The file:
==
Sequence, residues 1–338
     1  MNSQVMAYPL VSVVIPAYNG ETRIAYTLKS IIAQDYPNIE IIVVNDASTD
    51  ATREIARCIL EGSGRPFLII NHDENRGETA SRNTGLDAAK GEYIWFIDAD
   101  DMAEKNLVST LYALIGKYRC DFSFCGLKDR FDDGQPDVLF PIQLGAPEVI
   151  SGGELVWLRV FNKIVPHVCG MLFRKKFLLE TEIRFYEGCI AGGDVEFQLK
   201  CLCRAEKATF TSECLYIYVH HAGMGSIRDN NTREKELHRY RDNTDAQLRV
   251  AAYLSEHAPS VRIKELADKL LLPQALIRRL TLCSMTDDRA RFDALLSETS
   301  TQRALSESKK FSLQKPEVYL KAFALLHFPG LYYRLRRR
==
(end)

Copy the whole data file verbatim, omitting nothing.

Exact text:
Sequence, residues 1–338
     1  MNSQVMAYPL VSVVIPAYNG ETRIAYTLKS IIAQDYPNIE IIVVNDASTD
    51  ATREIARCIL EGSGRPFLII NHDENRGETA SRNTGLDAAK GEYIWFIDAD
   101  DMAEKNLVST LYALIGKYRC DFSFCGLKDR FDDGQPDVLF PIQLGAPEVI
   151  SGGELVWLRV FNKIVPHVCG MLFRKKFLLE TEIRFYEGCI AGGDVEFQLK
   201  CLCRAEKATF TSECLYIYVH HAGMGSIRDN NTREKELHRY RDNTDAQLRV
   251  AAYLSEHAPS VRIKELADKL LLPQALIRRL TLCSMTDDRA RFDALLSETS
   301  TQRALSESKK FSLQKPEVYL KAFALLHFPG LYYRLRRR